Big Brother Amplified Winner Karen Igho.

Denrele has won 21 awards and over 34 nominations
in his career. He has previously worked with
SoundCity before he was forced out and he moved
on to become one of Channel O’s VJs. To add to his cabinet of Success, he is a cast of one of Nigerias fast rising movie, Finding Love, which was released recently.

So the Big Question is, even thous he’s got that vibe and flavour in him, I don’t know how he can wear heavy wedged shoes, I mean it stops hiss running now 🙂 My people, do you give him a thumbs up or down for his personal style?

Disclaimer: The author, in the above article has expressed nothing but his personal views, opinions, and are not to be taken as that from the celebrity in focus, Mr Denrele Edun.Just scroll down and type a comment (name and email fields are not important)

Denrele is 2nd from right.

Denrele is 2nd from right.

Case Study: The Nigerian Mentality of Sons of Land (Omo Oni-ile)


When you are like 28 and your are married, living in a rented apartment, what comes next to your mind is buying yourself a land and building a shelter of yours, Its great getting a full plot of land or two if the case be, but its not great when you remember the “hooligans of the land” popularly known as “Omo Oni-Ile” (son of the land) in Yoruba.
It would be unwise and foolish for someone to sit down and expect people to bring you money because they want to build on the land which you believe your forefathers first settled on, won’t those land get fully built on one day? There two categories of this ‘menace’ citizens, firstly,

the ‘Fake’ ones: These are those area boys, they don’t have any land nor does there family lineage, but they tend to cause fear and anxiety on people because of there strong faces. They roam the area thatched and weary in search of the latest house under construction where they can walk in, seize working equipment’s and request for money 😡

The ‘Original’ ones: Yes, these ones have got one or two ancestral lineage with a place, most of them are in there 50’s to 70’s but not 20’s!!! The only bad thing is they are technical thieves and fraudsters.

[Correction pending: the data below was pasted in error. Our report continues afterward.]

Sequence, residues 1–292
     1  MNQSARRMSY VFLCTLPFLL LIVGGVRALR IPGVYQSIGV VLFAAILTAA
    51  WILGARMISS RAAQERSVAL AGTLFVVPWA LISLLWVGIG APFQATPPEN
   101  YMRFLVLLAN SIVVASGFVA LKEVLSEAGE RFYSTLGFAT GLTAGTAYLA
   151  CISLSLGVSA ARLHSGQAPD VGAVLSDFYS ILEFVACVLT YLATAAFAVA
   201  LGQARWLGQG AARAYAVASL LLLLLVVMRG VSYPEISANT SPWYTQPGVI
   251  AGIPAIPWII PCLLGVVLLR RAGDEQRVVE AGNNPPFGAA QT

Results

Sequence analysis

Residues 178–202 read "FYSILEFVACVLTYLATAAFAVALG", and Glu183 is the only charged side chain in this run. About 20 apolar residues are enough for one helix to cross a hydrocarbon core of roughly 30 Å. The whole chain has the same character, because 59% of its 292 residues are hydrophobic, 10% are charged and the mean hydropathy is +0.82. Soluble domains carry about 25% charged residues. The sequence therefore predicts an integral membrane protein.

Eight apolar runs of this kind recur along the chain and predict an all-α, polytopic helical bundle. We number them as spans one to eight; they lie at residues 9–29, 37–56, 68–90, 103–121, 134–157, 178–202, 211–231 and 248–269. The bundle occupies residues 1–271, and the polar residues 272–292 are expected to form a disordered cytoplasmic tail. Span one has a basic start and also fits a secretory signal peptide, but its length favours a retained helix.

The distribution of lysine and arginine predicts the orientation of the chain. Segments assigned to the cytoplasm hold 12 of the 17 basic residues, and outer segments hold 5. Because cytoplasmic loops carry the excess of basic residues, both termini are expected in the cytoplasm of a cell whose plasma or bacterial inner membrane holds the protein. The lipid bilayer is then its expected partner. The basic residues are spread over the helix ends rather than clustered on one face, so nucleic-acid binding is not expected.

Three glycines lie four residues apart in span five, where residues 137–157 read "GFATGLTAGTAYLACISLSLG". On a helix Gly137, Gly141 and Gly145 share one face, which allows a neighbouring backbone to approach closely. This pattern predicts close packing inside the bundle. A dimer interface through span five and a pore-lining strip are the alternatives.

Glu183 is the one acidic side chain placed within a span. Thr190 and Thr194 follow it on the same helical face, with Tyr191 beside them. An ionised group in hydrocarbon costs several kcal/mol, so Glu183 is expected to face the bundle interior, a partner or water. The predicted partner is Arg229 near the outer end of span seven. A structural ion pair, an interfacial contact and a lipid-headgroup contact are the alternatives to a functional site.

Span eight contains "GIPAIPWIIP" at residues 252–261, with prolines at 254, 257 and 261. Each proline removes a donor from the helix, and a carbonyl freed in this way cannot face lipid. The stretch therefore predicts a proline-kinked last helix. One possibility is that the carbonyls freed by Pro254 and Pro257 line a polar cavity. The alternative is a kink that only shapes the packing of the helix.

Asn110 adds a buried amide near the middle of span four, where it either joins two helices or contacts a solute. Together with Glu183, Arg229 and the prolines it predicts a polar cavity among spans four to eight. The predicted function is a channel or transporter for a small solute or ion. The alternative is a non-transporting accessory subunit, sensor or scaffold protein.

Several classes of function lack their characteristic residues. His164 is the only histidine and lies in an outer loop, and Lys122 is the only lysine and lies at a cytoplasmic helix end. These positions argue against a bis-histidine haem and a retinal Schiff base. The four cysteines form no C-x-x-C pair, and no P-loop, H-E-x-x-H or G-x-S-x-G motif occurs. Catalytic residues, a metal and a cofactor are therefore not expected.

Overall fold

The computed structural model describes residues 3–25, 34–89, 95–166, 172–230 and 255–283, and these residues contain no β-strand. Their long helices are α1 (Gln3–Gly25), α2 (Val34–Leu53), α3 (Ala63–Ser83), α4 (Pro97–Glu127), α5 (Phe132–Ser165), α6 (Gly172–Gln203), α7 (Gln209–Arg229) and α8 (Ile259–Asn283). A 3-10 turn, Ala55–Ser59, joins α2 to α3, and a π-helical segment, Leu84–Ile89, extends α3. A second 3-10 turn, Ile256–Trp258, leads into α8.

Imagine buying a piece of land, and after building you structure up-to 60% done, another set of group of people come and tell you that you’ve bought the land from the wrong person??? 😕 Yes, they do it. Its a simple plan, they are just sons of the brother of the person that sold the land in the first place and so as to prevent sharing the money he (first seller) had collected :-x.
Although they keep proving stubborn, they know their fathers :-D. They don’t joke with lands owned by Army officers, Mopols,Air fore, Policemen, Lawyers and Navy officials as they know these ones can either kill them with a battalion or finish them in court.
You are wondering, what is the Nigerian government doing then? Do they even know these things exist??? When lands are a free gifts of nature to political holders. Not even the C/O that we’ve bought from government, entitling the land to the buyer for 99 years can change things.
Government should try and look into this and create a law or two against this insolent and catastrophic menace and abuse on the Nigerian commons.
The only advice I can give is, if you wanna buy a land, erect something on it as quick as possible then, either make friends with a lot of soldiers or with a lot of area boys, (especially the Oshodi ones in Lagos, they’ve got broad chests :-D). You would need them to make you get revered in the community or else, your land might even be resold for another helpless nigerian.
So friends, ever experienced such? Or know a story that’s close? Please let us know in the comment box below.